As I worked the area, I noted a wonderful large exposure of fossilized wood. It was compressed into a flat sheet-like shape encapsulated within the clay and was over six feet long and near four wide. Much of it was carbonized and black as night, while other areas still retained remnant wood structure and grain. Again, much of the logs outer surface was coated by fossil barnacles. Easily damaged, fossil barnacles are only rarely found perfect and pristine. My best samples, from this same location, were exposed under the lip of a clay mass. The waves would slosh upwards in gentle splashes, loosening the matrix from around the fragile edges of the barnacles shell. Several exceptional specimens were recovered from this one-time lucky discovery.
I spent a good chunk of time casting about, but in the end, other than those things mentioned, my best thrill, obviously, was reacquainting myself with my old friend, it'd been way too long!
Figuring there was still a bit of light left in the day, if I hurried, I re-shouldered my pack and set my sights east, I was out of there and on the way towards another favorite stretch of beach, this one a couple of miles distant. My hike up to the truck went without incident and soon I was on the road again. Soon thereafter, I was at my newest local. I shouldered the pack and once again, I was walking west looking for treasure! I hadn't gone far when I found my first fossil, this another piece of wood, a round. It lay upright, still partially encased by its protecting calcium carbonate concretion. Wood grain and rings were still partially evident as were bright golden-colored calcite-lined bore holes, the burrowing holes left behind by ancient shipworms. I snapped off a photo and then moved on, leaving this for some other explorer.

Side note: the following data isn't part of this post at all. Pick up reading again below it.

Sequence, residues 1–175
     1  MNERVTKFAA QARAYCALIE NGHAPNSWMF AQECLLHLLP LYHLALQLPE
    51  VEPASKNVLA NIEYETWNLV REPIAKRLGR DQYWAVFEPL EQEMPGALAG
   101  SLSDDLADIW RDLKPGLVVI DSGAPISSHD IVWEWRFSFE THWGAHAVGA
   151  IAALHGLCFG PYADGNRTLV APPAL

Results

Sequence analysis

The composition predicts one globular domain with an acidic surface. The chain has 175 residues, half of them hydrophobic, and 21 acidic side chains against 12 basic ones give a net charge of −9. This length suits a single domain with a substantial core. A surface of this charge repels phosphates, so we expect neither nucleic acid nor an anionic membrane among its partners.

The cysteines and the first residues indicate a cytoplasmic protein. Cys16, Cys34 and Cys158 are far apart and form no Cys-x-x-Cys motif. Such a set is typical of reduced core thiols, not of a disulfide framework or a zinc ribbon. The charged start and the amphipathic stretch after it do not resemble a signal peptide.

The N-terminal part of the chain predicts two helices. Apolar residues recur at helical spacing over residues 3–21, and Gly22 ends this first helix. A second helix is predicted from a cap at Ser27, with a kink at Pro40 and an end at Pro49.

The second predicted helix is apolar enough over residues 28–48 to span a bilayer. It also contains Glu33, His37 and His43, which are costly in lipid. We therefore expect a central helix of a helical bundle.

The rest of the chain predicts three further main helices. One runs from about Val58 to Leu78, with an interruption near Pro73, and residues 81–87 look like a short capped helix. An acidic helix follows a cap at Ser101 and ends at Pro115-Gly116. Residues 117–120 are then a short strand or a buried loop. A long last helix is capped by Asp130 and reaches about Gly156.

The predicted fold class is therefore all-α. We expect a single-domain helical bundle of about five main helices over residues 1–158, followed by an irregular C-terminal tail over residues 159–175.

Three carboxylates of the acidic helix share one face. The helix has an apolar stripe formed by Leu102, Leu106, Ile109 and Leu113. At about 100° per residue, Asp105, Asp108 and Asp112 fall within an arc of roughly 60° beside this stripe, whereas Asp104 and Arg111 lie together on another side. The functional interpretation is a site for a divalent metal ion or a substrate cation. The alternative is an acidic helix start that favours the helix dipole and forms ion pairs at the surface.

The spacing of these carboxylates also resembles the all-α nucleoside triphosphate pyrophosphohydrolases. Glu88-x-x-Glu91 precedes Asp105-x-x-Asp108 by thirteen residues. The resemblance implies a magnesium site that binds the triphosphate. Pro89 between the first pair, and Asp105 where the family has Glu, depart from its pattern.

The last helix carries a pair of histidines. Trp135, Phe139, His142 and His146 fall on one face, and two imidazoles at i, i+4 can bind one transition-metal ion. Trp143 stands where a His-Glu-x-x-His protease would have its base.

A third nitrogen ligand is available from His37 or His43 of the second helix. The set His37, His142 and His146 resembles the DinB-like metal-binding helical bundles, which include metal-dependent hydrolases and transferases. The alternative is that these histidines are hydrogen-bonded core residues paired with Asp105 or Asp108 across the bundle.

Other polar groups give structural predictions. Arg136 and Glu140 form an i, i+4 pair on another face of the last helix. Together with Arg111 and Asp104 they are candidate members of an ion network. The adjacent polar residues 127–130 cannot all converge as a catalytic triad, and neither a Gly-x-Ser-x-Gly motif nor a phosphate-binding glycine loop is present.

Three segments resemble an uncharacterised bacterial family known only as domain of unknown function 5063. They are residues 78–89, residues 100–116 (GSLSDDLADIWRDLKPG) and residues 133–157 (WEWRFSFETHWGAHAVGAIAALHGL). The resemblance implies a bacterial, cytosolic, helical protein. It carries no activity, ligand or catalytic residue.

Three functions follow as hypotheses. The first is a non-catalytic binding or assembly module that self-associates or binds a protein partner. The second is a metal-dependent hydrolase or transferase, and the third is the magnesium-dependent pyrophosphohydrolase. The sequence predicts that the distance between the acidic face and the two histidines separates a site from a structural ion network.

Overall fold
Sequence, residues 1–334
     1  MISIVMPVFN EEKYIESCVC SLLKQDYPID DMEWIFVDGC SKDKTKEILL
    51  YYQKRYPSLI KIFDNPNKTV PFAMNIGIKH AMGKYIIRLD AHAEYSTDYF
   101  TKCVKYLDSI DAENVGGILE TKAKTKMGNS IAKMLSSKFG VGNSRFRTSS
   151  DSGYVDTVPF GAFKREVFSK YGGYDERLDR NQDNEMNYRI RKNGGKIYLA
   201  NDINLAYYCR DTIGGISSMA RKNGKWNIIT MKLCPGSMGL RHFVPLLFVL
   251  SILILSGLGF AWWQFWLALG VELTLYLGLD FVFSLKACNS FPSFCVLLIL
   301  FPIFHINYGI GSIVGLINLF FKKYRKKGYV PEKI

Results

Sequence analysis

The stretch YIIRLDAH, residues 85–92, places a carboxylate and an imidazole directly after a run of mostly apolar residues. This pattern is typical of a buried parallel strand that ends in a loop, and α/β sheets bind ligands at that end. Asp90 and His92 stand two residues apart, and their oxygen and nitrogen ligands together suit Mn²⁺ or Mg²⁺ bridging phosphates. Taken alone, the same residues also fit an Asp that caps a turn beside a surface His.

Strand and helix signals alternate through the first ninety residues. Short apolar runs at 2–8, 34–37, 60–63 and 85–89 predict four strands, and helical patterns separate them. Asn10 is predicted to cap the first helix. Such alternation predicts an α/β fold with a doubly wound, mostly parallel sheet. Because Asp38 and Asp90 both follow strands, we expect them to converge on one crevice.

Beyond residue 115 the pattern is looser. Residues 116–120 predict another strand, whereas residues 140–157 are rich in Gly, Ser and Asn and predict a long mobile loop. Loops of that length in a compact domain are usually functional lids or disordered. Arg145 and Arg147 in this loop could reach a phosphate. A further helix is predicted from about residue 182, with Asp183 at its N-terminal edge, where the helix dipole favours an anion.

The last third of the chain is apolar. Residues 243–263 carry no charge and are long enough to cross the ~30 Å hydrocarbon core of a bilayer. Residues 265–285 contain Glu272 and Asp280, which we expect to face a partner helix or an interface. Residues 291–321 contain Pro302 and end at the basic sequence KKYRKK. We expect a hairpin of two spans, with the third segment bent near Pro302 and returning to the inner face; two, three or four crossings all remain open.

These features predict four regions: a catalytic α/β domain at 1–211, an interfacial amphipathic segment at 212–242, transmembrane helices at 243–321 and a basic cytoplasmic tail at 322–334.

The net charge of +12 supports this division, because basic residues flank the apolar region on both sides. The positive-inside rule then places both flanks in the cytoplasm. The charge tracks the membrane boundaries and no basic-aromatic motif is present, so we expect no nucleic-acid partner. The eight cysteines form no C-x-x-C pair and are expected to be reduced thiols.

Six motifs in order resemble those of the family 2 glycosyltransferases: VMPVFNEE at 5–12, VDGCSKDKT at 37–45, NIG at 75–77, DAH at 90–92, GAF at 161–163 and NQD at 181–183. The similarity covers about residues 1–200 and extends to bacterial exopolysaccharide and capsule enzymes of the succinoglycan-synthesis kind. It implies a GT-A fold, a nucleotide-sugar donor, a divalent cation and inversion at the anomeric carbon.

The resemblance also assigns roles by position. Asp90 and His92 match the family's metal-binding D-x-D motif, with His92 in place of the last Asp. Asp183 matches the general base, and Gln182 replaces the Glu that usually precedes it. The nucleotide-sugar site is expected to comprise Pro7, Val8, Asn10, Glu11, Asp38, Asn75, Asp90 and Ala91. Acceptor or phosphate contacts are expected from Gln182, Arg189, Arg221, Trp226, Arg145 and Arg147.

My next and last discovery was that of a large fossilized whale vertebra. It's about 4 inches tall and three across. Again, I snapped off several photos, the first showing it as found amidst the other beach rock and then next, clutched in my hand as recovered. A neat find to end the day. I kept at it until twilight had become firmly entrenched. As I made my way back to the truck, I reflected on the day. I felt good, satisfied. I'd not seen a soul, just the gulls an eagle and a heron. It'd been a fine day out and away from everything. Breathing in a little deeper, I continued on...
Thanks for coming along and sharing in the fun. We are all so fortunate to be surrounded by the enchanting World of Nature, for one, I'm glad I get it. I promise, it won't be long before next I set my steps towards treasure, the greatest of all being the simple experience of just getting out. Come on, let's go play...
As a last thought regarding this paper, the following two photos, while of specimens collected from this locality, these were not collected during this trip. Still, I hope you enjoy! The first photo offers a selection of crystals, pseudomorphs of calcite after ikaite, followed by a second photo, this one an exceptional example of fossil starfish.
Have a great day everyone, all the very best,